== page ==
A ‘Judicious’ Use of L1 in TL Classroom: Socio-political, Psychological and Functional Dimensions

Muhammad Afzal Awan, Muhammad Aslam Sipra

Abstract


In the present study, the authors deliberate that there are no separate boxes in human brain to restrict two different languages to interact with each other. The practice on ground is strongly in favour of allowing L1 to support target language (TL). The paper contests the status quo of maximal input hypothesis and documents enough research in the field of human psychology, code-switching, bilingualism and Socio-Cultural Theory (SCT). The Canadian French Immersion Programme has also been referred to, in the article. The real life teaching and learning experiences have been shared and are connected to the latest theory and research, and it is concluded that this issue has serious socio-political and academic dimensions. The study postulates that the extent of L1 to be used is highly context-dependent.  A ‘judicious’ use of L1 should, however, be practiced in target language (TL) class without malign.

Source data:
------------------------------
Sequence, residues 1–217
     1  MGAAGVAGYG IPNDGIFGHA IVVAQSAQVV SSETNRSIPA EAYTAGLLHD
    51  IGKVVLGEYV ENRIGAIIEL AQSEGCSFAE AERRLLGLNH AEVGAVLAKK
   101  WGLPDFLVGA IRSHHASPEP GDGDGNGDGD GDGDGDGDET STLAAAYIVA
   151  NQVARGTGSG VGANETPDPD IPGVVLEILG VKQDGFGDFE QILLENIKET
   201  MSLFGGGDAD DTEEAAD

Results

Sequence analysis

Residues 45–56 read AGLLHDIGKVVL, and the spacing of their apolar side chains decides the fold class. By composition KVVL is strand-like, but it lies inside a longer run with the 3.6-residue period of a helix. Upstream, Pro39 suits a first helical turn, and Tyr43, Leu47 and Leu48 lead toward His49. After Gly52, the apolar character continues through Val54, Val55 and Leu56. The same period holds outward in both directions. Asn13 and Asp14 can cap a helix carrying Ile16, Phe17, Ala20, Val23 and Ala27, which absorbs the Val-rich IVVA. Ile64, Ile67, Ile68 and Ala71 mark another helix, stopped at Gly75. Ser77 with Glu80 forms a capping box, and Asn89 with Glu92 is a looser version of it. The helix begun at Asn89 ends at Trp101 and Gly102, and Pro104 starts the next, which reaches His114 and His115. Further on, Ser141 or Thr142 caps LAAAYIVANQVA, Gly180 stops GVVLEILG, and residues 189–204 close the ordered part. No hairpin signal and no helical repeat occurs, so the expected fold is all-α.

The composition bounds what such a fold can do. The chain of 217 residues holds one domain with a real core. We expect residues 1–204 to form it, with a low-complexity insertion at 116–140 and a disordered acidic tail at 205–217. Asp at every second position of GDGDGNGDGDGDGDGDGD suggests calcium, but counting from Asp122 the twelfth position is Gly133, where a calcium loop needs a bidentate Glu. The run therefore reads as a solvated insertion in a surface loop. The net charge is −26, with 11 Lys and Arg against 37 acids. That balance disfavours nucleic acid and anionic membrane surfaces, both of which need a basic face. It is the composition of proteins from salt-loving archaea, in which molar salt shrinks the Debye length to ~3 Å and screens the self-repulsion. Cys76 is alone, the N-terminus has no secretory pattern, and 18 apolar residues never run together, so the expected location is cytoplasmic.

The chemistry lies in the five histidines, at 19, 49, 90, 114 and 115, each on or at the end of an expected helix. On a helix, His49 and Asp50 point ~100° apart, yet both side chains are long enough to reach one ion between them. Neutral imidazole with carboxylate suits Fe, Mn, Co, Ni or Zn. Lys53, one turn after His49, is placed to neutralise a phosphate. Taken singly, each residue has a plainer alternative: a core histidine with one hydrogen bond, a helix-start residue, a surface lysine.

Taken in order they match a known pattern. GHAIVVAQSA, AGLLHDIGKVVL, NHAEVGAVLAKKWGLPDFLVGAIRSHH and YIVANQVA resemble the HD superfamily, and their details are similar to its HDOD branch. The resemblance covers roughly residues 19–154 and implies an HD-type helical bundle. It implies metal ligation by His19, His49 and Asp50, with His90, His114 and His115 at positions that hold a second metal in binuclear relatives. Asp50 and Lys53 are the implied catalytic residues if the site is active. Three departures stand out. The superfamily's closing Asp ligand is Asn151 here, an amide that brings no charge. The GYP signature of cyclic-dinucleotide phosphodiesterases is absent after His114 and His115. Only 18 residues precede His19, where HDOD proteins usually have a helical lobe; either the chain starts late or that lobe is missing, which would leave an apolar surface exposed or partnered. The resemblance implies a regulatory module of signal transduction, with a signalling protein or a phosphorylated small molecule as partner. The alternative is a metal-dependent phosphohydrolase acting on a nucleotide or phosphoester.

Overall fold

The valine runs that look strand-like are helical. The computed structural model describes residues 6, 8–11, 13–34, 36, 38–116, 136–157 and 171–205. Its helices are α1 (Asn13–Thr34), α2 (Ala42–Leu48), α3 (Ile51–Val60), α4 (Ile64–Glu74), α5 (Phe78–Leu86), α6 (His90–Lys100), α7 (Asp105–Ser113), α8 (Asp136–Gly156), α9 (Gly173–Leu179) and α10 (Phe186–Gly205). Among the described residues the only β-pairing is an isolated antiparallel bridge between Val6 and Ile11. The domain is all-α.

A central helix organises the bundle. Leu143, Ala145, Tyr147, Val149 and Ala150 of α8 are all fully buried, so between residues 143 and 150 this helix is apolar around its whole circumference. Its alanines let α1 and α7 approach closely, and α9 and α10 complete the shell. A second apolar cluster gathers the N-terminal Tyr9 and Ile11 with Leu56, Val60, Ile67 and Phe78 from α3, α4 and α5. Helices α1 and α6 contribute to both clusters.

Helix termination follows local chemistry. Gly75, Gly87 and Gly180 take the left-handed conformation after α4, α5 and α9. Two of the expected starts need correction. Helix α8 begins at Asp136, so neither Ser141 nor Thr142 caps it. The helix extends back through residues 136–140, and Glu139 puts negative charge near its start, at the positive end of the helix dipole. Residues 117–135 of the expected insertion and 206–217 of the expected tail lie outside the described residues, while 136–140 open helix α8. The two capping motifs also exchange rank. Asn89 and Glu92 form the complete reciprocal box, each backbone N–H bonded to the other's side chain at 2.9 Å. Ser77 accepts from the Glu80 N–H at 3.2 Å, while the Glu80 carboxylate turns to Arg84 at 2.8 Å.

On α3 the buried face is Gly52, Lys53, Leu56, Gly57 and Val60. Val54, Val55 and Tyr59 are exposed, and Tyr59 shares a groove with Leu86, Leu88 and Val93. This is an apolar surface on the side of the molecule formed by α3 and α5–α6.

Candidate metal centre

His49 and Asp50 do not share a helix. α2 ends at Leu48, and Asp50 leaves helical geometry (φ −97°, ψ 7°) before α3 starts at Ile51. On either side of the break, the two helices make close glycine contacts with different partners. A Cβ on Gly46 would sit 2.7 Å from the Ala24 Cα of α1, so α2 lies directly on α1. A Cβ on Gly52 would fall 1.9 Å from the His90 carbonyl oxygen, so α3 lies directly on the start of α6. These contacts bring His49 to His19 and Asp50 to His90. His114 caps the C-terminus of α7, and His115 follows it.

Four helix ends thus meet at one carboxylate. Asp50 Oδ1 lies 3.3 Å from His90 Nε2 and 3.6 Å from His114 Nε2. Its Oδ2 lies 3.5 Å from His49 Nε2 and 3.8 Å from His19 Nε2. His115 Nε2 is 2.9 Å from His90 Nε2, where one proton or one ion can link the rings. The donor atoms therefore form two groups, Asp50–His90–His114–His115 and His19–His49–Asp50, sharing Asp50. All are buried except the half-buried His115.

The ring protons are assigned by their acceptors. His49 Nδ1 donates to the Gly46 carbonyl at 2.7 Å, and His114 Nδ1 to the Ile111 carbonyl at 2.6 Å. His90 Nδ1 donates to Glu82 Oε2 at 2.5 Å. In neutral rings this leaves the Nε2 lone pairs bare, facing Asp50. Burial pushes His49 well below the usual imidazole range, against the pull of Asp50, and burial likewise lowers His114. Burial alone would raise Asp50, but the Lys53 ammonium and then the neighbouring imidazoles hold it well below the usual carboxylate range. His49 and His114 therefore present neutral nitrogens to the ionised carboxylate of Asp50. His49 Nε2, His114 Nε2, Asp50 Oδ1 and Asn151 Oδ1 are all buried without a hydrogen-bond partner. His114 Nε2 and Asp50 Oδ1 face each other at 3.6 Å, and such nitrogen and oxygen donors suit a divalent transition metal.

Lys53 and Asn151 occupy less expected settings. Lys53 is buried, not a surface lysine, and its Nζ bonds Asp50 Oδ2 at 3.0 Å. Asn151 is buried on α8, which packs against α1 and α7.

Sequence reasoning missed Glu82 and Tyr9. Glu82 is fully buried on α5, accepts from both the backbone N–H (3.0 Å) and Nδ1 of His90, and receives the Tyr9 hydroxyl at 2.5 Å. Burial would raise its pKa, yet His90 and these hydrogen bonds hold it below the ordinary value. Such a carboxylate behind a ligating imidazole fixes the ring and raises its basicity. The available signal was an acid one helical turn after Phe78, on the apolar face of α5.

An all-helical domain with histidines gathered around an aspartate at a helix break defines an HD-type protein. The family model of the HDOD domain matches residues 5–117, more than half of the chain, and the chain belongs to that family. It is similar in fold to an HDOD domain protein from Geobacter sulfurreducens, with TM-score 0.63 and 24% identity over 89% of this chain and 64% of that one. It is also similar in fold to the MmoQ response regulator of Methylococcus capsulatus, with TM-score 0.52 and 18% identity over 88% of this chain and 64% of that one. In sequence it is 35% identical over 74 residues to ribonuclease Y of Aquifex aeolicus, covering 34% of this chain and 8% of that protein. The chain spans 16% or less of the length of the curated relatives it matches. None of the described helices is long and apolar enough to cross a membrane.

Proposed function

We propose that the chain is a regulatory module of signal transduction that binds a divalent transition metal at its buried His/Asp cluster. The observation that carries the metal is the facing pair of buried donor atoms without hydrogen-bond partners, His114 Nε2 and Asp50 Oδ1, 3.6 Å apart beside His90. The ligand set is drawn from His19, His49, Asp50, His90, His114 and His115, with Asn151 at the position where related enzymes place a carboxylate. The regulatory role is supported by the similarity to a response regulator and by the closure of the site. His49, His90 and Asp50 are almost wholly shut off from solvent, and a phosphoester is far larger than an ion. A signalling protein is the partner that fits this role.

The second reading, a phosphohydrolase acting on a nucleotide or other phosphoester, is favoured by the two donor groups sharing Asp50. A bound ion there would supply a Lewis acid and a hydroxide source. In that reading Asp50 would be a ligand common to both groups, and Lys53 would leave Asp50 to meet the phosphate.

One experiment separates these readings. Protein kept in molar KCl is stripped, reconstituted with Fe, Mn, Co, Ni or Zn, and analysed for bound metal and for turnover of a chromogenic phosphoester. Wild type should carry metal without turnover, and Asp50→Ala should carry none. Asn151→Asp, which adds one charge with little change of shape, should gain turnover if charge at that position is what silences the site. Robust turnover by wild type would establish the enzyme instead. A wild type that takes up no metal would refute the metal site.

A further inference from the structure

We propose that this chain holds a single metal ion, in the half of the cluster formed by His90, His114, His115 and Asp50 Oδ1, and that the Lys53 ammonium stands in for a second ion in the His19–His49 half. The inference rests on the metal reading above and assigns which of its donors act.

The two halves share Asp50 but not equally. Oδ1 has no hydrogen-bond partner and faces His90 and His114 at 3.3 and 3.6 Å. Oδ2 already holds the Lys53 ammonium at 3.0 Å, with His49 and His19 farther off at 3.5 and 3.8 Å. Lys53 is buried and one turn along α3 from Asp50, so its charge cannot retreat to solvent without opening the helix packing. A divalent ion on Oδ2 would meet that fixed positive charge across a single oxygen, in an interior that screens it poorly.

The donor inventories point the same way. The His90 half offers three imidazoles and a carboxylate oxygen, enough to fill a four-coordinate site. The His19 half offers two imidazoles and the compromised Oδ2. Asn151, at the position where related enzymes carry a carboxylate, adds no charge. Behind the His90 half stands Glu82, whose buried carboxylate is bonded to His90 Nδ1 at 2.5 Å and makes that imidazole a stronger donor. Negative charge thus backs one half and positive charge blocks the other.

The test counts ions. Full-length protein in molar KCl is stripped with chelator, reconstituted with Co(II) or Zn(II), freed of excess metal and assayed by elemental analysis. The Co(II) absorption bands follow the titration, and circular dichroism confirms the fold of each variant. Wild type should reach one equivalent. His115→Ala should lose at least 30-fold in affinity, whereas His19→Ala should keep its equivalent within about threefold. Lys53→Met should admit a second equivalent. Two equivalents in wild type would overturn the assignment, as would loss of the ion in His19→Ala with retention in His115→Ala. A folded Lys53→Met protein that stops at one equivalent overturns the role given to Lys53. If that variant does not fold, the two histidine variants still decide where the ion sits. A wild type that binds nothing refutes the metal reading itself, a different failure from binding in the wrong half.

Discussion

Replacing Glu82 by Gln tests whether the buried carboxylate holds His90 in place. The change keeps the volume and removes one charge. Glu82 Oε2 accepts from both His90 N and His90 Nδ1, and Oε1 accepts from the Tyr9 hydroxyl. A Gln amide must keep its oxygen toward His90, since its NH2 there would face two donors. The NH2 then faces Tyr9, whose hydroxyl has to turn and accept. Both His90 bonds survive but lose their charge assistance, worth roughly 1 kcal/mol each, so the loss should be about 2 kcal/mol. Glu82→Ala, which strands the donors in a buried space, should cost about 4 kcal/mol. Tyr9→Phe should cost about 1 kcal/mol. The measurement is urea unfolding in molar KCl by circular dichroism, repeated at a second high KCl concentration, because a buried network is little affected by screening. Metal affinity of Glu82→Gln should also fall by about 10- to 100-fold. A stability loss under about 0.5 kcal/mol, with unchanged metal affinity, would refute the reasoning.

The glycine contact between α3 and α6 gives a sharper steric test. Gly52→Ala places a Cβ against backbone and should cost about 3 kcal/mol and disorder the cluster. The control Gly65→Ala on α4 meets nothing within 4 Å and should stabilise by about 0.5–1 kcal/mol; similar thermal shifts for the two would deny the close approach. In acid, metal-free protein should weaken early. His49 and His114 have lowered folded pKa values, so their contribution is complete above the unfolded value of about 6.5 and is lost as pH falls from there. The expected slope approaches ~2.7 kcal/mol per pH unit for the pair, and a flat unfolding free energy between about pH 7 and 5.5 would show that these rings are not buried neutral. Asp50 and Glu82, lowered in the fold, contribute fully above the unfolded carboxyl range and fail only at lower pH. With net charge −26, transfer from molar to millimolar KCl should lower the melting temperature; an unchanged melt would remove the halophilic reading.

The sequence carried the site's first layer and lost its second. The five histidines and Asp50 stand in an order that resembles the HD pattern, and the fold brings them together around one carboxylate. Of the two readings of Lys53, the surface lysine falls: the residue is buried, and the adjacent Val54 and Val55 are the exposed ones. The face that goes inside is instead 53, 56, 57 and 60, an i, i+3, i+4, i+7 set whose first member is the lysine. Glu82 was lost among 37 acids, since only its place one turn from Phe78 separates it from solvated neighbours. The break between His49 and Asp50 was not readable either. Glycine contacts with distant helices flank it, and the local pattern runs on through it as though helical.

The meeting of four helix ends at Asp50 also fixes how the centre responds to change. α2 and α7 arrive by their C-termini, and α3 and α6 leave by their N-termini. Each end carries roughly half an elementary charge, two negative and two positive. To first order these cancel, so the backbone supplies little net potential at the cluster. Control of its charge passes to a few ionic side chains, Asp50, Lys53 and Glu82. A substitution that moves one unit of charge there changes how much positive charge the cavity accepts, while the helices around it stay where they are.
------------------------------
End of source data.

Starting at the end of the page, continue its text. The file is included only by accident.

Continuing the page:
Keywords: Judicious use, L1, code-switching, socio-political, psychological, functional dimensions


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